Cummins Inc. has made a deal to acquire part of Faurecia’s commercial vehicle exhaust after treatment business, including a manufacturing facility in Columbus.
The roughly $153 million deal announced Tuesday would transfer Faurecia’s Columbus South plant located off of County Road 450S and another manufacturing facility in Roermond, Netherlands, and their related activities to Cummins, the two companies said.
The proposed deal comes about three months after Faurecia said that it was in exclusive talks to sell part of its commercial vehicle exhaust after-treatment business in Europe and in the United States to Cummins for an enterprise value of roughly $159 to $160 million.
Faurecia said that the proposed deal announced Tuesday “secures the integration of these plants and their employees into Cummins’ worldwide operations, ensuring their long-term viability” and enables the France-based company “to focus on its exhaust activities on light vehicle ultra-low emission systems and its hydrogen roadmap.”
Cummins said that the acquisition “adds significant technical and manufacturing resources and enhances Cummins’ existing mixer portfolio” and would “position Cummins’ Emission Solutions business for long-term success.”
The agreement is expected to close this year but is still subject to regulatory approvals in the United States, Germany and the Netherlands, as well as a consultation process with the works council and trade unions in Roermond.
Cummins said that it intends to bankroll the acquisition using cash on its balance sheet.
“This proposed acquisition would enable both organizations to meet long-term strategic goals and would preserve business operations and employment for talented employees within the two plants and related tech centers, while creating value for customers and suppliers across the entire supply chain,” said Cary Chenanda, vice president of Cummins Emission Solutions, in a statement.
The deal with Cummins is part of a roughly $1.06 billion asset-disposal program by Faurecia to reduce debt and boost its balance sheet following the acquisition of a Germany company and Russia’s invasion of Ukraine, according to public filings and statements.
At the same time, FORVIA Group, which Faurecia is part of, has signaled that it intends to shift its business away from the internal combustion engine, with officials stating that the group’s “exposure to (the) internal combustion in 2025 would reduce towards 10%” should the deal with Cummins be finalized.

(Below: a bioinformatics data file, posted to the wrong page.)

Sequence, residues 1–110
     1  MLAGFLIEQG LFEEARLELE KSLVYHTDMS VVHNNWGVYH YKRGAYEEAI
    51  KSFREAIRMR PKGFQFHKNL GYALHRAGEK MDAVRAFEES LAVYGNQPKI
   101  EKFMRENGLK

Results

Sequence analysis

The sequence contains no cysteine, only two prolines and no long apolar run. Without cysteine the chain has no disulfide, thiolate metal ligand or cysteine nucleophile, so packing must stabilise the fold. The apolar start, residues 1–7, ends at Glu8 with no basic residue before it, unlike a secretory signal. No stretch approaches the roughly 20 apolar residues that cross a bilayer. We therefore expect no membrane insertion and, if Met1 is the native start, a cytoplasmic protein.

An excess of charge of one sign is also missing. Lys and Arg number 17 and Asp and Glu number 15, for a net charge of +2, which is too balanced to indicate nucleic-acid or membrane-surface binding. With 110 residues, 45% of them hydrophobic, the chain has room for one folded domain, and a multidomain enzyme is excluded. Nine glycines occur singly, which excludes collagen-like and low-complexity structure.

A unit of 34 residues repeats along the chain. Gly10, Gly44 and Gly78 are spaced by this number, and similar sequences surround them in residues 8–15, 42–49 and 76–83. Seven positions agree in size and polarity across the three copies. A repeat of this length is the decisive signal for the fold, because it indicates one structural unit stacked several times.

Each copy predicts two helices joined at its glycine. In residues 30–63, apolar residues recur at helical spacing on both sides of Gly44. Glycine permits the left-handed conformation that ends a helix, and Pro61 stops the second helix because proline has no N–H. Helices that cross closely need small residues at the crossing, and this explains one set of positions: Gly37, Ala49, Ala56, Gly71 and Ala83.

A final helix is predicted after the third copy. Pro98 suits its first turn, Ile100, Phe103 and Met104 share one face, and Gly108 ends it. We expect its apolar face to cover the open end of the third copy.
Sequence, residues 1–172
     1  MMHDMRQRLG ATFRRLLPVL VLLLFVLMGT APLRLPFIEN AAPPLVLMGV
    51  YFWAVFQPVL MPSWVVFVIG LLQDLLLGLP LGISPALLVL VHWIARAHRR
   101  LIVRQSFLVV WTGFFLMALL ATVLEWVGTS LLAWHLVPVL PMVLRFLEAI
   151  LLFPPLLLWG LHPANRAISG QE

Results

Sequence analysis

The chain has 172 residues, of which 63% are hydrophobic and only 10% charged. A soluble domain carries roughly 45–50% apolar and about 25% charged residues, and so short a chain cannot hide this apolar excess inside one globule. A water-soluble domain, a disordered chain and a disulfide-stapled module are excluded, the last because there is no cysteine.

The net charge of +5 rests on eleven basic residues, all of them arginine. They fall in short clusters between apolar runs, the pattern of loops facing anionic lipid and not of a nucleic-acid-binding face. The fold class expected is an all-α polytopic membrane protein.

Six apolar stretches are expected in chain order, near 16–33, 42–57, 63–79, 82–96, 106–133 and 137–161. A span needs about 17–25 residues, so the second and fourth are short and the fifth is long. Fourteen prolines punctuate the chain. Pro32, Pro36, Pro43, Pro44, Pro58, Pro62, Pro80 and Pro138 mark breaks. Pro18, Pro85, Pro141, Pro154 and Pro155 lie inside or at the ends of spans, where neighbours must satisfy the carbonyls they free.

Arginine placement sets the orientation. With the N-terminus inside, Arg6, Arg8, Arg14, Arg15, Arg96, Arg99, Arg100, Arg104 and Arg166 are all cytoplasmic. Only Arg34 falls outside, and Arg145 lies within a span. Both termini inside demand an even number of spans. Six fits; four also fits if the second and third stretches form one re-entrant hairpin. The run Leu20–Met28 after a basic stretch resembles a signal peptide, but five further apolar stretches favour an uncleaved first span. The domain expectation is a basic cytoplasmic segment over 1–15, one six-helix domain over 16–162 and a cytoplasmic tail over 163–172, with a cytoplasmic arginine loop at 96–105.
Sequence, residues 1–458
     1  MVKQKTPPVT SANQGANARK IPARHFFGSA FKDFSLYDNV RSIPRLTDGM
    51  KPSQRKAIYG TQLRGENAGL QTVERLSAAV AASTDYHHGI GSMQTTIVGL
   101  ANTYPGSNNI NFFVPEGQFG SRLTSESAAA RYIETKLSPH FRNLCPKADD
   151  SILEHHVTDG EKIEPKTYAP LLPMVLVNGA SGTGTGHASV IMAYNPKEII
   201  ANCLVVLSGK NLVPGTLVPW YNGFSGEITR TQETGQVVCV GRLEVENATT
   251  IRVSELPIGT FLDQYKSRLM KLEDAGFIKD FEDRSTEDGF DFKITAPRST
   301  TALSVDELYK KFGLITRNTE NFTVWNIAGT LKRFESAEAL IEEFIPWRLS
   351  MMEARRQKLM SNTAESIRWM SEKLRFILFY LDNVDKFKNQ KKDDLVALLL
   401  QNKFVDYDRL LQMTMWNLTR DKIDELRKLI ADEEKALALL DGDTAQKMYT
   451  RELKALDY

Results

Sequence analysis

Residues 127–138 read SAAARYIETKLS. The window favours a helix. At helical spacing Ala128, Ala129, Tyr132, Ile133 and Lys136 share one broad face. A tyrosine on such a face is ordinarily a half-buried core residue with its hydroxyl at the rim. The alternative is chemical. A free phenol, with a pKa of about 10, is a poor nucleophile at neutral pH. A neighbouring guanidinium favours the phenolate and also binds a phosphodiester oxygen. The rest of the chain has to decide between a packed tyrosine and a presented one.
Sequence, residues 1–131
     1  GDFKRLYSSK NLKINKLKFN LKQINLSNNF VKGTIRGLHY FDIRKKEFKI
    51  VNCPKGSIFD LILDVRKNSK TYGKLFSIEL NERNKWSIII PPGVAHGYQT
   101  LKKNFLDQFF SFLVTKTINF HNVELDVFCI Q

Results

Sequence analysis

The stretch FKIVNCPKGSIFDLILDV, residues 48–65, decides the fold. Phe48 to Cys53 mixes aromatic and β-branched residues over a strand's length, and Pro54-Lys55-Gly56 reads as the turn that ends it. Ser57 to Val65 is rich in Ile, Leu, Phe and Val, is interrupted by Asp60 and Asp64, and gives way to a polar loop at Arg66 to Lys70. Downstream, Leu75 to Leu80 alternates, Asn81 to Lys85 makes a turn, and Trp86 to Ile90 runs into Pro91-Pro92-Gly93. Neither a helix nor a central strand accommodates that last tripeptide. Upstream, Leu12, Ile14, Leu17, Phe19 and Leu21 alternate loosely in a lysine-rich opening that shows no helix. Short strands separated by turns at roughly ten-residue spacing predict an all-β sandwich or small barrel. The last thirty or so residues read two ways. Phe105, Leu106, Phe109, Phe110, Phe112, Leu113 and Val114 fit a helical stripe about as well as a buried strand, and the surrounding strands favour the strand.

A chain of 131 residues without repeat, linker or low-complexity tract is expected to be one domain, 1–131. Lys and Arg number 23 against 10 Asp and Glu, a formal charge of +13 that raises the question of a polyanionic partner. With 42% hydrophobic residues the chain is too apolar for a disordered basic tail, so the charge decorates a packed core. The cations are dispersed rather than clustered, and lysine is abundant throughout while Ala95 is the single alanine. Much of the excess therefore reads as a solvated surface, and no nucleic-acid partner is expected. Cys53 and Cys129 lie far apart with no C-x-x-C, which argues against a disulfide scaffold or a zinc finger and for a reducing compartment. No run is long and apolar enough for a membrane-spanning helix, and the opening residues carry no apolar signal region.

In August 2021, Faurecia announced plans to acquire German company HELLA, a move that the companies said would create the seventh largest automotive parts supplier in the world, which was later named FORVIA Group.
The roughly $5.74 billion acquisition, which was completed in February 2022, was bankrolled through a mix of cash, newly issued Faurecia shares and debt, which prompted Faurecia to initially announce a plan to dispose of $532 million “non-strategic assets” by the end of 2023 “to contribute to deleveraging post-acquisition.”
Deleveraging is when a company attempts to reduce its debt, also known as financial leverage, by raising capital or selling off assets.
However, Faurecia said in April 2022 that it would step up its asset-disposal program, raising its target to roughly $1.06 billion by the end of 2023 “to enhance financial flexibility in an environment that became increasingly uncertain after the outbreak of the war in Ukraine.”
Since then, Faurecia and HELLA have announced a series of moves to sell off assets that the companies say will help it reach the $1.06 billion target by the end of this year.
In July, HELLA said it would sell its 33% stake in a joint venture for about $308 million. In December, Faurecia announced plans to sell its interiors business in India.
Also in December, Faurecia and Michelin said they were in exclusive negotiations with Stellantis over a potential deal for Stellantis to acquire a “substantial stake” in Symbio, a Michelin and Faurecia joint venture that designs, produces and sells “hydrogen solutions” for light- and heavy-duty vehicles.
Just days after announcing the negotiations with Cummins in February, Faurecia said that it had reached an agreement to sell its “SAS” Cockpit Modules to division to an Indian company for an enterprise value of roughly $574 million.
Faurecia officials said previously the announced transactions put the company on track to dispose of $1.06 billion in assets by the end of this year.
This story is Andy East of The (Columbus) Republic, a sister newspaper to the Daily Journal.